Monday, 23 December 2013
Death And Forgetting
In Neil Gaiman's The Sandman comic book series, Hob Gadling, the immortal Englishman, advises anyone who asks him that the way to avoid death is simply not to die. Of course, we cannot physically do this and Hob would not have been able to do it either if Death and Dream, walking the waking world, had not overheard and intervened.
In the chronologically last episode of the entire series, Hob's new black girlfriend, Gwen, unwittingly parodies Hob's advice. When, apologizing for the slave trade, in which he had in fact participated, Hob adds, "...you can't just forget about it...", Gwen replies, "Sure you can, Robbie. You know how? You just forget about it." (The Wake, New York, 1997, p. 99)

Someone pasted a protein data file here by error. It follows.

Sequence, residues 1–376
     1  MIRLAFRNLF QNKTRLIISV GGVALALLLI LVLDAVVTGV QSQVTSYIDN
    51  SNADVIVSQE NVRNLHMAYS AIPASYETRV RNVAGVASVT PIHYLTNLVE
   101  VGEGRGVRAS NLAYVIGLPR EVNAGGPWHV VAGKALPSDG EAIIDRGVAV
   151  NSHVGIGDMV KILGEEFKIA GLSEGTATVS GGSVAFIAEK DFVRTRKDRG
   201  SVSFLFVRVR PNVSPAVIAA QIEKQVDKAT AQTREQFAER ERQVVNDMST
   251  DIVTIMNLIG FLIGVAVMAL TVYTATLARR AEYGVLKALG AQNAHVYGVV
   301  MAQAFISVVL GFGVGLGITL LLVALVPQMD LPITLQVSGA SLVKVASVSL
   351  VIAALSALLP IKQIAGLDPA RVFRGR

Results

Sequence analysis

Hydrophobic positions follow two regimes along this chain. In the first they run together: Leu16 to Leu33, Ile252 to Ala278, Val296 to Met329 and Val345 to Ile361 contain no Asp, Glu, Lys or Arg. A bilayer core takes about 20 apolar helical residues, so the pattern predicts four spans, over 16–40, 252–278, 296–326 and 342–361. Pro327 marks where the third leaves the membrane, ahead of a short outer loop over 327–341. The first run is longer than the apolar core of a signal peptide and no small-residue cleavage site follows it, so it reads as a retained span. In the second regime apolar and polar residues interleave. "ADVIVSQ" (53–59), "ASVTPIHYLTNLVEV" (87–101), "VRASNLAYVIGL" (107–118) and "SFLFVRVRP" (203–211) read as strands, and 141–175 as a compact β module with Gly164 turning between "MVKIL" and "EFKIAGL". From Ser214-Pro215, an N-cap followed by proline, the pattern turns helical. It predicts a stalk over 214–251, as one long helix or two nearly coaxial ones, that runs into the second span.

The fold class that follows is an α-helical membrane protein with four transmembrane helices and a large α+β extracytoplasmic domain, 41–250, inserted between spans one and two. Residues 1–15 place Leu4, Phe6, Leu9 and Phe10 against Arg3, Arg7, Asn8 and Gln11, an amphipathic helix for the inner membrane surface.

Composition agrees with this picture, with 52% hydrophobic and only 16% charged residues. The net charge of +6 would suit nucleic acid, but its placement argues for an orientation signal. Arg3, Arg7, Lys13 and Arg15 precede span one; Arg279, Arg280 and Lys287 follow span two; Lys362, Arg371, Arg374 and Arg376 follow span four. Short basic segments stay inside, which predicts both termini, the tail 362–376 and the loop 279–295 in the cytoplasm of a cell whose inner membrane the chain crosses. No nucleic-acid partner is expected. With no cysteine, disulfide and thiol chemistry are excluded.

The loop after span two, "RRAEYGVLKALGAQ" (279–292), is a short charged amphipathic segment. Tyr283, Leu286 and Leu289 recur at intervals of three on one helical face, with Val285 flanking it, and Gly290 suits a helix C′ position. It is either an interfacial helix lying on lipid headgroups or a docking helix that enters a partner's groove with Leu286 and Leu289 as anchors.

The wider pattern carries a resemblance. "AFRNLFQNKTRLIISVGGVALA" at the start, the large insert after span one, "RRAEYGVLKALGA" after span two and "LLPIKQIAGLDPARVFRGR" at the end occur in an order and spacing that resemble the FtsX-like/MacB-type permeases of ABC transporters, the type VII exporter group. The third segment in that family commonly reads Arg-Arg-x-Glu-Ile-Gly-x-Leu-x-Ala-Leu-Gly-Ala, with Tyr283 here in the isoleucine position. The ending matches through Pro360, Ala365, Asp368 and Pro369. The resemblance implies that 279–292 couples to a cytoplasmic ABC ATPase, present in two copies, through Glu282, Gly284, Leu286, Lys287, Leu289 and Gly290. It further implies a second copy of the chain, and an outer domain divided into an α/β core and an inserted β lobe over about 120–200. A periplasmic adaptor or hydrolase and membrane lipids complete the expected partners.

Gwen's advice sounds easier to follow than Hob's/Robbie's. However, most of us cannot just switch off unwelcome memories by an act of will, especially not when the memories are associated with overwhelming guilt. In fact, is this mental act of just forgetting really any easier than that impossible physical act of just not dying?
In Zen meditation, we cannot prevent the memory of wrong actions from arising but we can:
make reparation, if possible;
but, otherwise, practice non-attachment to the memory;
i.e., neither suppress it nor think about it but accept that it arises and passes.
Zen connects with certain of Patanjali's Yoga Sutras:
Yoga is control of thoughts.
Then, man abides in his real nature.
Otherwise, he remains identified with thoughts.
They are controlled by practice and non-attachment.